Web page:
Speech through few channels (at)

Subject: Speech through few channels
From:    at <bregmanCCRMA.STANFORD.EDU>
Date:    Fri, 10 Jun 1994 19:10:26 PST

---------- Dear Ed, I am sorry I took so long to get around to it but I finally had a chance to listen to the tape you sent of the simulation of speech and of music heard through as few as 4 channels. It is evident from listening to them that the recognizability of the speech survives better than that of the music. The reason for this is fairly clear: the simulation destroys the pitch information, but seems to retain gross spectral information in the low channels and good timing information in the high ones. This sort of information reduction hurts the speech a lot less than it does the music. It is obvious that speech can be quite intelligible without pitch information, as we can see in the case of whispered speech. However, pitch is very important to most music. I imagine that if you changed the relative importance of pitch in speech and music -- say by using Chinese, in which tones are important, as the speech, and drumming as the music, you might get results less favorable to speech. Another way to increase the importance of pitch in speech would be to ask the listener to report on the emotional content of the speech. In any case, the conclusion I draw is not that speech recognition needs less acoustic information than music recognition does, but rather that the two domains depend more heavily on different kinds of information. Presumably the recognition process, in a lot of different domains of sound, is sensitive to the integrity of different acoustic features. Therefore there is no single best way to reduce information: The best kind of information reduction depends on the domain. Best wishes, Al Bregman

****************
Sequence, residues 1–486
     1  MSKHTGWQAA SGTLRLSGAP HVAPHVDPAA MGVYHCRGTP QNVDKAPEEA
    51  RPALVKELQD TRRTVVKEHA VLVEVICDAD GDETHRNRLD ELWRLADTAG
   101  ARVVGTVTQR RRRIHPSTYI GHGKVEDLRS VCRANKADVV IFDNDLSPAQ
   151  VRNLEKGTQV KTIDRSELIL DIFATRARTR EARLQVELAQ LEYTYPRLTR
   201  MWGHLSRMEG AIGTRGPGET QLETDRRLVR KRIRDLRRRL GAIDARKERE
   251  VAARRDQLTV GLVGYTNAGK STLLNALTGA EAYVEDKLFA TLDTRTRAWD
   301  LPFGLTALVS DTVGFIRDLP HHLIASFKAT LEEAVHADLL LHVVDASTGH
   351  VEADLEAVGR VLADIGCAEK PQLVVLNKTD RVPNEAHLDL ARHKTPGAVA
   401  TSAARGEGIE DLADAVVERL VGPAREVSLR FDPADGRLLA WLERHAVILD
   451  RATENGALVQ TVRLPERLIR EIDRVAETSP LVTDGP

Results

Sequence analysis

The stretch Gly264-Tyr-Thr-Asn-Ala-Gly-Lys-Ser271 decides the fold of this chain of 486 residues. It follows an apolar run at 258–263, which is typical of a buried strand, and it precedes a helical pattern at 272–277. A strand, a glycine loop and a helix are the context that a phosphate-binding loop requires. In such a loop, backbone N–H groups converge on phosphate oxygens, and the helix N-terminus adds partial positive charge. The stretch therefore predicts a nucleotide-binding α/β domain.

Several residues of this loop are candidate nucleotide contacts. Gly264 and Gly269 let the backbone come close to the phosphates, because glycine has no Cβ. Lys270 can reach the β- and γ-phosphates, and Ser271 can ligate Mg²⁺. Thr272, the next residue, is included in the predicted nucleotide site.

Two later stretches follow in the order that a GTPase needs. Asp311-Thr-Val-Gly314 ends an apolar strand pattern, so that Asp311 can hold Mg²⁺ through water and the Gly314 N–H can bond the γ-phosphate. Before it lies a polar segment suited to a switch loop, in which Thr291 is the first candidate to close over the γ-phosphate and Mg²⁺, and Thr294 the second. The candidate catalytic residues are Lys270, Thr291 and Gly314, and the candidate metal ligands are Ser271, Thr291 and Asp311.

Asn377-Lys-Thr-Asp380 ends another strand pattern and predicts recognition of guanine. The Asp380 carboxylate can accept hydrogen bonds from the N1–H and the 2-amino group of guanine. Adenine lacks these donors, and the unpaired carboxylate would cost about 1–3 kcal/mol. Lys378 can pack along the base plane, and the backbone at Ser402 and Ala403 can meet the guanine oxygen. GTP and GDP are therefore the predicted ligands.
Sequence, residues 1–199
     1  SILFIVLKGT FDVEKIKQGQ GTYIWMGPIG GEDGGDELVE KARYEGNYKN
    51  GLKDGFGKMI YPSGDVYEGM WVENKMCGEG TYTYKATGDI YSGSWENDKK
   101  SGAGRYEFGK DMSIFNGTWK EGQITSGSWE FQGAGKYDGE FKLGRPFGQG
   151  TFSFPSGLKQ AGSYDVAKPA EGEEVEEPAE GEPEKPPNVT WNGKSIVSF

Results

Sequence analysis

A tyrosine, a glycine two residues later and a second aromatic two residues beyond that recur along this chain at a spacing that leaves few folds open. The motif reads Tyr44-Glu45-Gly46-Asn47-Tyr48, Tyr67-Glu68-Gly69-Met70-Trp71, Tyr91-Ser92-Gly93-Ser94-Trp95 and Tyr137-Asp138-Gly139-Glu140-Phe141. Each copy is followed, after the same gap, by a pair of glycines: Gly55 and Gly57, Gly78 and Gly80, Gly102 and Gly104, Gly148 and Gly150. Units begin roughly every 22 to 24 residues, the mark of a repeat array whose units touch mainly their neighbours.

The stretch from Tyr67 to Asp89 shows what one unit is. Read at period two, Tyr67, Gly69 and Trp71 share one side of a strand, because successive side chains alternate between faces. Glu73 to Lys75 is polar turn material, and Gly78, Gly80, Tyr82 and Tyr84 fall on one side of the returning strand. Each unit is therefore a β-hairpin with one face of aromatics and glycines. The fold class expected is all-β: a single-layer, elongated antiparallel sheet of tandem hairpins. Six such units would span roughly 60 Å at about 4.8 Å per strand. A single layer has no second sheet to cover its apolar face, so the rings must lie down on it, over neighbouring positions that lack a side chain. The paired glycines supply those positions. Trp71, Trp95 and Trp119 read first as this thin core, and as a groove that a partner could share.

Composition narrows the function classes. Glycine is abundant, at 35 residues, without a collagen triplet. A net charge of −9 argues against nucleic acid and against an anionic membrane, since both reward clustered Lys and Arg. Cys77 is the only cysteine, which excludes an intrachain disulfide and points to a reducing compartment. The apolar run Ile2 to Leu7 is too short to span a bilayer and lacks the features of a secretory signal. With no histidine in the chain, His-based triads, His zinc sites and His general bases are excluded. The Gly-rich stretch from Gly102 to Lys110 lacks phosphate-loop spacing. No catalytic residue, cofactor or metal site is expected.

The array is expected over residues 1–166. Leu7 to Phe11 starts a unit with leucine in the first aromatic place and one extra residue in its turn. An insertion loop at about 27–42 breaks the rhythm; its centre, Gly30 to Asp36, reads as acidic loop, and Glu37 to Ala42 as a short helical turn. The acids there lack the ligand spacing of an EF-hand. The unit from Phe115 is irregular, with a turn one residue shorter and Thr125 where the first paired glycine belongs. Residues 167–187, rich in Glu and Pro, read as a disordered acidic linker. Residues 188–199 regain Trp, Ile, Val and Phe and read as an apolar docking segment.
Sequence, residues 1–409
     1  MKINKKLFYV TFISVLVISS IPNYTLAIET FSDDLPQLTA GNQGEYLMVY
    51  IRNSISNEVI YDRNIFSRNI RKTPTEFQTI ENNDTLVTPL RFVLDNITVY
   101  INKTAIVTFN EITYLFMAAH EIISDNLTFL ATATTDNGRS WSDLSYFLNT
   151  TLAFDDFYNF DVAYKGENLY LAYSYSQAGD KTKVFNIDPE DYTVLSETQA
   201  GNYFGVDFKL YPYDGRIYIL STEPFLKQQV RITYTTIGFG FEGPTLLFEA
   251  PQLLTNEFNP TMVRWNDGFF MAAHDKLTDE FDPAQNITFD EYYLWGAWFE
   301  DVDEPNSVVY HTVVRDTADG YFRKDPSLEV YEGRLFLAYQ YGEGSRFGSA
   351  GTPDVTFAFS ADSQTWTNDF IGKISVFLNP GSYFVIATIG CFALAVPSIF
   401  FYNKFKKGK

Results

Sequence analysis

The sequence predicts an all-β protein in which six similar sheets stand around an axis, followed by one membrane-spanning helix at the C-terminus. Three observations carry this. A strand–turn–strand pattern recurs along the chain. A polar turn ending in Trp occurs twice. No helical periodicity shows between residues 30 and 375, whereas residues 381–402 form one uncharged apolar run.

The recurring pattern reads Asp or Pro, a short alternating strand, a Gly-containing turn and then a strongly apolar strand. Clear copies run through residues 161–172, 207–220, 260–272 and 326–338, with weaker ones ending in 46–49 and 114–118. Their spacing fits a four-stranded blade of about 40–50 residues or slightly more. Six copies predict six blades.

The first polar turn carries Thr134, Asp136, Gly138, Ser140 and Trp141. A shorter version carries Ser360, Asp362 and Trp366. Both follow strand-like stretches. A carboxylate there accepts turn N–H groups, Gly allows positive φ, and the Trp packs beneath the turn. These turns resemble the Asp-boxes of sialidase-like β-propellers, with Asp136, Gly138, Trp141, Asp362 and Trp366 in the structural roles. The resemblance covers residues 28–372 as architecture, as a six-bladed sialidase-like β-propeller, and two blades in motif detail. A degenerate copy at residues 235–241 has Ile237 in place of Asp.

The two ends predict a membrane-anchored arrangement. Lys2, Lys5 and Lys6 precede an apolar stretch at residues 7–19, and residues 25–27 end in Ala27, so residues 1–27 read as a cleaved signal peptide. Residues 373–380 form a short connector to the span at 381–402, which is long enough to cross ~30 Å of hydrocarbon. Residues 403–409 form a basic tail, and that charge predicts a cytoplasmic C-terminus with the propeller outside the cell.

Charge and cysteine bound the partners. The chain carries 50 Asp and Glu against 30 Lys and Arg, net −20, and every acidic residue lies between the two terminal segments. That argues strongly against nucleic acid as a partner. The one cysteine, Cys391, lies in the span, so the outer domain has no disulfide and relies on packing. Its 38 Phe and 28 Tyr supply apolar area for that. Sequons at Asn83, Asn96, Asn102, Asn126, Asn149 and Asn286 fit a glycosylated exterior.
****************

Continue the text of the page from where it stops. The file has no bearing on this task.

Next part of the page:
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DAn Ellis <dpwe@ee.columbia.edu>
Electrical Engineering Dept., Columbia University